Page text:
Featured artist: Natalie Oswald

Koi and Cranes, 36x48, acrylic, oil, and gold leaf on Ampersand Gessobord

 

Exploring new mediums and techniques keeps your painting process exciting and can lead to stylistic breakthroughs. I enjoy working in layers and playing with decorative elements such as gold leaf and repetitive patterns in order to make my painting surfaces richer and more interesting. Beginning my painting with Ampersand Gessobord is essential to my process. Many of the techniques I use require a rigid support with a smooth and consistent surface. Gessobord has both of these qualities. I prefer the 2" profile panels as they can be finished on the sides and hung without additional framing. The larger sizes of Gessobord are ideal for creating my large and dramatic works.

 

Block Printing with Gessobord

Gessobord is a wonderful surface for patterns made with stencils or block prints. For this painting, I carved a koi design into a soft rubber block of Safety-Kut™ using Speedball® linoleum block cutters. I mixed acrylic paint and Golden® Acrylic Glazing Liquid (this keeps the acrylic from drying too fast) and applied it to the block with a rubber brayer (fig. 1). I positioned the block face down on the panel and applied pressure with a rolling pin to transfer the image. I repeated this process multiple times (fig. 2-3).
 
 

Creating Depth with Layers

Unlike printing on paper, a print on Gessobord will have a slightly textured quality because it is not as absorbent as paper. This unique look is magical under layers of acrylic paint. For this painting, I applied several acrylic colors over the printed koi patterns in thin layers. Quinacridones and other transparent pigments are my favorites as they allow the patterns to show through. Sanding through the paint layers or applying metallic paints can also create lovely and aged-looking results.

 

Applying Gold Leaf

Gold leaf adds a dramatic touch of sparkle. Gessobord is an ideal surface for gold leaf because it is rigid and smooth. You can apply the leaf directly to the panel or over the acrylic paint layers as I have done here. Brush on a thin layer of Daniel Smith Quick Size (fig. 4) and wait ten or fifteen minutes until the glue is dry yet still tacky. Gently apply the gold leaf to the sizing using the backing papers or a squirrel-hair brush (fig. 5) and then remove the excess leaf (fig. 6).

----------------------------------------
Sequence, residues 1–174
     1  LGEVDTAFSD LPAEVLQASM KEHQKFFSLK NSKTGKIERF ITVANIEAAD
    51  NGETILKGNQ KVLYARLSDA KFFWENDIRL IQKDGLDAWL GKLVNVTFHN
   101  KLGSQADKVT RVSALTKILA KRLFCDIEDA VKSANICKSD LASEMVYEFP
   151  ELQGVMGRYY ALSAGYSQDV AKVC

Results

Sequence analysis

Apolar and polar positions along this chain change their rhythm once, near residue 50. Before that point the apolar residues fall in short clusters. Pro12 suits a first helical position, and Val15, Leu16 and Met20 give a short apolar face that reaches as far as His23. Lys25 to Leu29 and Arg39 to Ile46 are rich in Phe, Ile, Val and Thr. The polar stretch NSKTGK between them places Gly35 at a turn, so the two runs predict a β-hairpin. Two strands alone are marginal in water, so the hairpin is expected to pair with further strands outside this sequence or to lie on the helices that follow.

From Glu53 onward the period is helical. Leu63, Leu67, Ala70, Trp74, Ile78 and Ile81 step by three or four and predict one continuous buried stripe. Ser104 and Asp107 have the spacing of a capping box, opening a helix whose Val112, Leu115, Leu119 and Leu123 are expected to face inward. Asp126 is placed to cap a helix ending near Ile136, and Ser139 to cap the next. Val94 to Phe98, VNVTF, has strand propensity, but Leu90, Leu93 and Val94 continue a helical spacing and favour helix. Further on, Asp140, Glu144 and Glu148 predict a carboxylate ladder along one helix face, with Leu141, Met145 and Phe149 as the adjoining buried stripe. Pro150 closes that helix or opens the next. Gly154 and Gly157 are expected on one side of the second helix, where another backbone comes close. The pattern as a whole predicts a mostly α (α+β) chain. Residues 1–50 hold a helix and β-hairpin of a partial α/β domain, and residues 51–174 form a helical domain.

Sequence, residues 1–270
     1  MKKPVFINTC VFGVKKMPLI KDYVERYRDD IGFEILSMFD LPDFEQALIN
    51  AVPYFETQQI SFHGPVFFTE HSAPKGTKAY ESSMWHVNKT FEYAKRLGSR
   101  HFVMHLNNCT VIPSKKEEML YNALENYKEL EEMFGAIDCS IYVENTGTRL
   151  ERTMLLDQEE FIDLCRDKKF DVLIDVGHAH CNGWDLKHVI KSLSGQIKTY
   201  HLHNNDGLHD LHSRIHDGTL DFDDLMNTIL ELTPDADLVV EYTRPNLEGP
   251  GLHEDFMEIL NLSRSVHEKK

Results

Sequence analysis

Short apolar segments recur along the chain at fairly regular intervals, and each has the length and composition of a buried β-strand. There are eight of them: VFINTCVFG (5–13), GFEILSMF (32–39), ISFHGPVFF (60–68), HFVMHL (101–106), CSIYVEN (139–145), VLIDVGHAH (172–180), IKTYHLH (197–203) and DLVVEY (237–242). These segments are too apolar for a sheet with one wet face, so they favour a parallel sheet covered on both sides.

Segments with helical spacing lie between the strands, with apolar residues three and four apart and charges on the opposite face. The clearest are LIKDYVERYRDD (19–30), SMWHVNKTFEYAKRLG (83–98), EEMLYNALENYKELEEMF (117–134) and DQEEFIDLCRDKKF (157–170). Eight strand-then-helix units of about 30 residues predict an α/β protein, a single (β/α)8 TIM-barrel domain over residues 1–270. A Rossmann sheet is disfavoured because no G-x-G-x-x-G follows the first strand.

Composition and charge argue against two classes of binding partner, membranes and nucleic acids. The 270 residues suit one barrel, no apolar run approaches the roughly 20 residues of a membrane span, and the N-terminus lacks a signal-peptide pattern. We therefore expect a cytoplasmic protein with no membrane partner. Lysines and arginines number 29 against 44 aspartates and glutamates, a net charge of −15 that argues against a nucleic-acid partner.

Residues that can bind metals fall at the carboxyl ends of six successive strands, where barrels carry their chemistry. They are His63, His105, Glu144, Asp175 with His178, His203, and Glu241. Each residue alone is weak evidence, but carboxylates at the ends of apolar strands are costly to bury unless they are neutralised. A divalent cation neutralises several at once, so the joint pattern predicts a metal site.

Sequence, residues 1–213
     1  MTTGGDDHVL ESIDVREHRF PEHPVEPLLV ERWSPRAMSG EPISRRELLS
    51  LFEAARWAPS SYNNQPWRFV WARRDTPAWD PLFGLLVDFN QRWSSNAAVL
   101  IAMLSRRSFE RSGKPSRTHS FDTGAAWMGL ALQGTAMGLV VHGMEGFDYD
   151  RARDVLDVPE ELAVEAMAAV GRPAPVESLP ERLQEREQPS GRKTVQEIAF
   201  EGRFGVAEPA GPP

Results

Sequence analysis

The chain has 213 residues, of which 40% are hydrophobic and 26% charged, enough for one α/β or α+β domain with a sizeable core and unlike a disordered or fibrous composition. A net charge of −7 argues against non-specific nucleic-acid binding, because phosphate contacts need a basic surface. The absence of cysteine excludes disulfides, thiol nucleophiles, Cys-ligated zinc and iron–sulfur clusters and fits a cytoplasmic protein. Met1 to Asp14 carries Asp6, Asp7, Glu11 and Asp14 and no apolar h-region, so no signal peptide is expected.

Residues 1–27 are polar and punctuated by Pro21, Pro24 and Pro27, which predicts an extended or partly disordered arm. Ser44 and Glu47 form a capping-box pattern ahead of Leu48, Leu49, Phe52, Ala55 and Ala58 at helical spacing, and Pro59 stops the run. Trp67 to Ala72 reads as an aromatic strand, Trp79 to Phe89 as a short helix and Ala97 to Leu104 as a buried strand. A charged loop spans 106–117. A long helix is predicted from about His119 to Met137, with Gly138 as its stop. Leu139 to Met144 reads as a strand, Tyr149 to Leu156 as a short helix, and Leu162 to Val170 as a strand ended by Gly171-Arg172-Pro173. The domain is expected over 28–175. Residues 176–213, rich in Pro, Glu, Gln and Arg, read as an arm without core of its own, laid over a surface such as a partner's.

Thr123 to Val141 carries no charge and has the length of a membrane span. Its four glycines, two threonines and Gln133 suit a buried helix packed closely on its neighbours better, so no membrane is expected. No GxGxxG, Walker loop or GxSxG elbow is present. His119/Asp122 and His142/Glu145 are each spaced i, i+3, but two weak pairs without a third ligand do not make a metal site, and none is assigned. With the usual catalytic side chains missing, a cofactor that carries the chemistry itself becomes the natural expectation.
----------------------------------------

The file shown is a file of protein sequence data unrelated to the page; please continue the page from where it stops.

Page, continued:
Adding Imagery in Oil or Acrylic

The final layer of this painting was painted using traditional oil techniques. I used Daniel Smith Oils and painting mediums to paint two very detailed Japanese cranes (figs. 7). The elaborate printed surface underneath compliments the two birds nicely. My favorite brushes are the Daniel Smith Series 85-01 Oil Blender brush for softening brush strokes and the Series 44-12 Rigger to create flowing lines. To finish the painting, I use Golden® MSA UVLS Gloss Varnish to protect the delicate gold leaf and to give the painting a uniform glossy surface.

 

Artist Bio:

I paint to explore the vanity and fragility of the natural world. At times, painting becomes my personal indulgence and tribute to all things delightful. Birds soar over imaginary landscapes and koi are wrapped in swirling layers of iridescent waves. Tragedy weaves its way into my work, a reminder of the transient nature of beauty. Flowers grow from husks of grenades, sinister streams of dripping paint obscure a tranquil landscape and an innocent maiden sinks into the deep sea. Inspired by a childhood in the rural Northwest and travels to Asia, the imagery found in my work is rooted in the relentless process of growth and decay.

My paintings are often as much an exploration of materials as they are of ideas. The use of wood grain as a compositional element has led me to employ faux finishing techniques, replicating its look in a transparent layer over the top of finished paintings. Light refracting and luminescent pigments typically reserved for the auto industry find their way into my paintings creating areas of transient reflected light, allowing an image to be visible from one angle and disappear as the viewer moves around the work. Gold leaf, decorative pattern and glossy surfaces pay homage to a world rich in splendor and beauty. To see more of Natalie's work, visit her website.

 

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